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State of Nevada

State of Nevada

Nevada is located western and southwestern regions in the United States. It has an area of 109. 826 square miles with the highest point being Boundary Peak at 13, 140 ft and the lowest point is the Colorado River at 479 ft. Nevada is a Spanish name meaning “snow clad”. It is nicknamed ‘silver state’ because of the many silver mines. The state motto is “All for our country”, the state song is “Home means Nevada” and the state slogan is “The Battle Born State”. The state flower is the sagebrush and the state bird is the mountain (things to do, 2011). It has a population of close to three million people and it is the seventh largest state in the country (the US50, 2011). The capital city of Nevada is Carson City and it was established as such in 1861. Nevada was admitted to the union in 1864 as the 36th state.

The first occupants are believed to have been the Goshute, Mojave, Paiute, Shoshone and Washoe Indians. The region was later claimed by the Spanish Empire in the 1500s. Fray Francisco Graces was the first white man to enter the region in 1776. He forged a trail along the west coast between California and Monterey (destination360, 2010). The region remained unexplored until the early 1800s when trappers from Hudson Bay Company explored the Humboldt River. In 1821, Mexico gained control of Nevada from the Spanish. Jedediah Smith was the first American in Nevada. During the 1840s, John Fremont explored the Great basin and Sierra Nevada.

The Mexican-American war was fought between 1846 and 1848 and the US gained control of the southwest. Settlers began arriving in the region during the 1850s when the Utah territory was established. The Utah territory was ruled by a Mormon leader and some of the non-Mormon settlers in Carson City had issues with that. This led them to create their own territory without approval from the Congress. In 1859, thousands of people moved to the region after gold was discovered in the city of Virginia. In 1861, Congress created the Nevada territory. However, during this time, Nevada did not have enough population to create a state. The value of silver dropped in the 1870s and this lead to many people abandoning mining of the metal. Some of the miners left Nevada in search of work, while others turned to ranching. In the 1880s, Nevada experienced much suffering as severe cold winters killed much of the livestock (things to do, 2011).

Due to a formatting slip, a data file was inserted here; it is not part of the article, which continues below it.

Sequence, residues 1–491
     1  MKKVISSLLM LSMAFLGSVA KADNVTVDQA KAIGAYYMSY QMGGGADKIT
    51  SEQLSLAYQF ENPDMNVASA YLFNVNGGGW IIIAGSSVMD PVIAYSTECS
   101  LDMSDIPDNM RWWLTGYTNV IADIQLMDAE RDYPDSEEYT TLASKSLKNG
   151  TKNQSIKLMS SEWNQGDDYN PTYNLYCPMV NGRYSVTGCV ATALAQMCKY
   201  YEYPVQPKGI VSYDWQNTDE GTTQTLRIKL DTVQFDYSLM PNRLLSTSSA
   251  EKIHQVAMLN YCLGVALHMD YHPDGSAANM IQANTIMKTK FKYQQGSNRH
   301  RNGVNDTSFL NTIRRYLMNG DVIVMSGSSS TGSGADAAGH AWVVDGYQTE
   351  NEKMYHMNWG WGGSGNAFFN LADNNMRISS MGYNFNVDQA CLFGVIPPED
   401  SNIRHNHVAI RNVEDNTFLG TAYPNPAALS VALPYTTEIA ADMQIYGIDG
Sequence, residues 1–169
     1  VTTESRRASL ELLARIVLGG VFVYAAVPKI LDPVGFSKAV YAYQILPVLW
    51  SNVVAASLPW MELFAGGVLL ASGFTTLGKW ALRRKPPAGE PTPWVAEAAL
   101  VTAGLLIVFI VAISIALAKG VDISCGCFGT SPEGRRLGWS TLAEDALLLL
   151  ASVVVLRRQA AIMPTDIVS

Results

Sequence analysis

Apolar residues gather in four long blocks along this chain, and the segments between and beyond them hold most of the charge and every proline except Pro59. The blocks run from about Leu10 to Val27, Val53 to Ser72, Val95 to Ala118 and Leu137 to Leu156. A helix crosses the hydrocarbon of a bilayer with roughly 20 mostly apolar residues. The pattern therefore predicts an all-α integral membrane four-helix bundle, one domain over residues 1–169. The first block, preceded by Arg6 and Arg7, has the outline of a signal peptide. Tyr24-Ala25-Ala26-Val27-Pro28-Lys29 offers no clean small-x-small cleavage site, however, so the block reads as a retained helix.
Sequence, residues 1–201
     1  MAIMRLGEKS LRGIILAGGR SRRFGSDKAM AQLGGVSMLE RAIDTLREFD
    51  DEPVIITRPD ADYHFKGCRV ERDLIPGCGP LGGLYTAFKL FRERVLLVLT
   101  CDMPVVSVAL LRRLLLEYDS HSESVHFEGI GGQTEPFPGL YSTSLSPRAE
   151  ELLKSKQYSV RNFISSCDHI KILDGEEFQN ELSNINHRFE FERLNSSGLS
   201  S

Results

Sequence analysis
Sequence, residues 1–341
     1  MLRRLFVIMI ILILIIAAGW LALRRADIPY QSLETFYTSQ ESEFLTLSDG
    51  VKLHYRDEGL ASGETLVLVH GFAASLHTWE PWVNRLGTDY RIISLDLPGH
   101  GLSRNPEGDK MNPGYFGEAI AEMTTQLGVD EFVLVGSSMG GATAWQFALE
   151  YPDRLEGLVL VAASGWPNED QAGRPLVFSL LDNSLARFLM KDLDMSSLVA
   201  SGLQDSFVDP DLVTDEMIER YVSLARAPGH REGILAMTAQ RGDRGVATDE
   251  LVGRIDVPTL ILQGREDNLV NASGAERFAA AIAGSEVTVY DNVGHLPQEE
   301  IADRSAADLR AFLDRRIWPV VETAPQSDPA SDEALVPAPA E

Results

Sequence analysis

In early 1900s, silver was discovered near Tonopah, Gold was discovered in Goldfield and copper was discovered near Ruth and Mountain City. This was good news to the people living in Nevada because it led to the creation of many jobs. The state’s economy began to look up after the devastating effects that were experienced in the 1870s and 1880s. The railroad was expanded and the people started farming after the Newlands Irrigation Project was started. The state’s prosperity and success did not continue for long. The value of copper dropped drastically during World War 1 and this caused the closure of many mines. In addition to this, the great depression left many jobless and many people suffered (things to do, 2011).

After the great depression, the war and the closure of the mines, the people had to look for ways to survive and they started gambling. Gambling was legalized in 1931 and once again, the economy started to look up. The cities of Reno and Las Vegas are considered sin cities because of gambling. Nevada is considered the gambling city of the world and it has the most slot machines worldwide. The economy was strengthened by the many casinos, which created jobs and the increasing number of tourists who came to gamble. This was especially the case in Las Vegas and Reno and tourist became the largest industry in the state. Gambling created a more stable income for the people than agriculture and mining did.

 

References

Destination360. (2010). The history of Nevada. Retrieved from http://www.destination360.com/north-america/us/nevada/history

The US50. (2011). Nevada state symbols, facts & info. Retrieved from http://www.theus50.com/nevada/information.php

Things to do. (2011). Nevada State History. Retrieved from http://www.thingstodo.com/states/NV/history.htm

 

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